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Raises, Eliminating Peer Review Part Of Tentative Cincinnati And FOP 3-Year Extension

Bill Rinehart

UPDATE 12/16/20: Cincinnati City Council unanimously voted in favor of the issue Wednesday.

The city of Cincinnati and the local Fraternal Order of Police chapter have reached a tentative agreement on a three-year contract extension. Salary increases are included, but major changes to grievance procedures and police records could be on the way.

If the extension is approved, internal disputes will no longer be conducted with peer reviews. Instead, disputes would be handled by a panel of three arbitrators to reach a decision. Mayor John Cranley said peer review leads to penalties being reduced two thirds of the time.

"That leads to people believing that there's no such thing as ever holding an officer - who like any other human being occasionally makes mistakes - accountable for misbehavior," Cranley said. "Obviously, in the context of this summer and George Floyd, it exacerbates racial tensions."

A new arbitration process for internal disputes is included in the contract. Three-person panels will issue a joint, anonymous decisions on the disputes.

The American Arbitration Association will provide a list of 15 arbitrators. The city and FOP will strike those names down to three. Those three arbitrators will all be neutral and mutually selected which could lead to "reinforced impartiality."

Record Expungement Procedures And Salary Increases

Record availability for police officers who were suspended could also change. Under the current agreement, records of officer suspensions of more than 30 days could be expunged after five years. The new agreement would allow records of suspensions of more than 56 hours to be expunged after seven years.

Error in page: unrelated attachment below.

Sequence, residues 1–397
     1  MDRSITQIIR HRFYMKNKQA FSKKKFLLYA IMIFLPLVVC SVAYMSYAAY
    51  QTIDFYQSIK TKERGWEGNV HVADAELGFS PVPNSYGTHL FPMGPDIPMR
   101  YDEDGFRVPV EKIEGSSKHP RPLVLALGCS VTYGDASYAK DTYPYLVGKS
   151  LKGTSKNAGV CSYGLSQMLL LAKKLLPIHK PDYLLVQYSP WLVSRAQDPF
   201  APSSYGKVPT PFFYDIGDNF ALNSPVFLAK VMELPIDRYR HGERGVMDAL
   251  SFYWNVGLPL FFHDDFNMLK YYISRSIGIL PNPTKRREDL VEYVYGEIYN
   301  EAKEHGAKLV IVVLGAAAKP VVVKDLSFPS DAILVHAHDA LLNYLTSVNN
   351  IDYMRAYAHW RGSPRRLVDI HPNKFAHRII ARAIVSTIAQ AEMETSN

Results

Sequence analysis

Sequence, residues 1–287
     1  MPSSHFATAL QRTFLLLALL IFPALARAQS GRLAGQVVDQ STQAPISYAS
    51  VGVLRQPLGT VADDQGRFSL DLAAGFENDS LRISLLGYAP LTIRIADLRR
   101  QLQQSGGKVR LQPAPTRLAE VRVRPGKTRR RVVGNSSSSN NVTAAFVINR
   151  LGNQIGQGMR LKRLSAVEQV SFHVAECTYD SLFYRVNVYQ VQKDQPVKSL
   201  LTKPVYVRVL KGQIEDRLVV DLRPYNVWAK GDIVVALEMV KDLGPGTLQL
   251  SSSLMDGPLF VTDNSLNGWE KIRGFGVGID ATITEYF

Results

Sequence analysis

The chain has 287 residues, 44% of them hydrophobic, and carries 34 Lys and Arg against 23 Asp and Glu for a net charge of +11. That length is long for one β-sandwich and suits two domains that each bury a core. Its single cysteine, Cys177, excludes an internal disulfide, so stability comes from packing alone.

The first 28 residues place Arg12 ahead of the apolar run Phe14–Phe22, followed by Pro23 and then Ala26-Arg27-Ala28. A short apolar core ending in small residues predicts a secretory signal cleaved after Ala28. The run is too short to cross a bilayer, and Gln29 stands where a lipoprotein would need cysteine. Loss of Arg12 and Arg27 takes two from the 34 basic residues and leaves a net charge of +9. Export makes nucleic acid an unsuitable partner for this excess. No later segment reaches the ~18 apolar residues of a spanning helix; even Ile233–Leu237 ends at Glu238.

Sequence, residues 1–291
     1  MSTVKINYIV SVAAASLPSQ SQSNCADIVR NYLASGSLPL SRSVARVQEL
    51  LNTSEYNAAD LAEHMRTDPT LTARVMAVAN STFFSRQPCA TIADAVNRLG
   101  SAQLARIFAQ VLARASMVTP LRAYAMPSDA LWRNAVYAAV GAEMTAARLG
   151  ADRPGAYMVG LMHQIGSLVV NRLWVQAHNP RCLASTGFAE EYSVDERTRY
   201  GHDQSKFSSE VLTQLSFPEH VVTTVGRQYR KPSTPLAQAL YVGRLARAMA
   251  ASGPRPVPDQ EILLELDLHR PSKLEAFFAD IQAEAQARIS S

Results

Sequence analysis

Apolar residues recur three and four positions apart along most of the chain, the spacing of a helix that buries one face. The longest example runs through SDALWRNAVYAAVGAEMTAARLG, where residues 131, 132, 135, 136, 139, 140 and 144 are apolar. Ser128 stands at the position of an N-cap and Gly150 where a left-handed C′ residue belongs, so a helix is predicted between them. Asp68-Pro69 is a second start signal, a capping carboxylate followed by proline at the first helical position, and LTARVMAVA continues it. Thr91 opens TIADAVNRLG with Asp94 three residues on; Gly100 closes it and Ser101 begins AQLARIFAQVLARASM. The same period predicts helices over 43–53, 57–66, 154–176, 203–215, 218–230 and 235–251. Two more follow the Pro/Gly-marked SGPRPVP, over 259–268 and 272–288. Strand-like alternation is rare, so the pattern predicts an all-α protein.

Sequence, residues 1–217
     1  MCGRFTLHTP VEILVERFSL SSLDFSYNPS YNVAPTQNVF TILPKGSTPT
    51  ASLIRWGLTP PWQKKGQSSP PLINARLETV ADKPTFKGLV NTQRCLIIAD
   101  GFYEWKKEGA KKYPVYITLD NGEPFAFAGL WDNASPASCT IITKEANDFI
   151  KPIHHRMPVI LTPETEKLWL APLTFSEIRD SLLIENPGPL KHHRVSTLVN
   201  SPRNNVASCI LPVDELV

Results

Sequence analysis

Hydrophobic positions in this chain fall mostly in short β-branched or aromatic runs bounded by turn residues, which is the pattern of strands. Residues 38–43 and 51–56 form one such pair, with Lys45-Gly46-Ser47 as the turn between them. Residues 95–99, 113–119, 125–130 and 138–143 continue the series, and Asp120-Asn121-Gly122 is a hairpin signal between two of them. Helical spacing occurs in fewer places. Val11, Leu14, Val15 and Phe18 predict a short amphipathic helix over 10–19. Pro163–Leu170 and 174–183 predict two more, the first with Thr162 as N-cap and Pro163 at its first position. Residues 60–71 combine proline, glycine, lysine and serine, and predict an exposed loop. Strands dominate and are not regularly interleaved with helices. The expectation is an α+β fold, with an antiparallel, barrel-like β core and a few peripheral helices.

During negotiations, the FOP and the city were able to agree to wage increases for officers. The new agreement will raise wages 5% in 2021, 4% in 2022, and 3% in 2023.

In a memorandum, City Manager Paula Boggs Muething said the tentative agreement shows a continued effort at ensuring that the city's police force is one of the "most accountable forces in the country."

"Of course, it is a result of a negotiation, and neither party received everything it wanted," Muething said. "The combination of wage increases and enhanced accountability is expected to have a positive effect on the workforce, boosting morale and enabling the city to identify and correct undesirable behavior, while maintaining due process protections."

The three-year contract would run from May 2, 2021 to April 27, 2024.

The contract will be discussed at an upcoming City Council meeting. You can read the full agreement below. 

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Cory Sharber is a student at Murray State University majoring in journalism and political science. He was born in Hopkinsville, Kentucky. Prior to joining WKMS, Cory wrote for the Murray State News as a beat writer for the rifle and tennis teams. When he’s not at WKMS, he typically listens to music, plays guitar, video games, and crams for all of the assignments he puts off.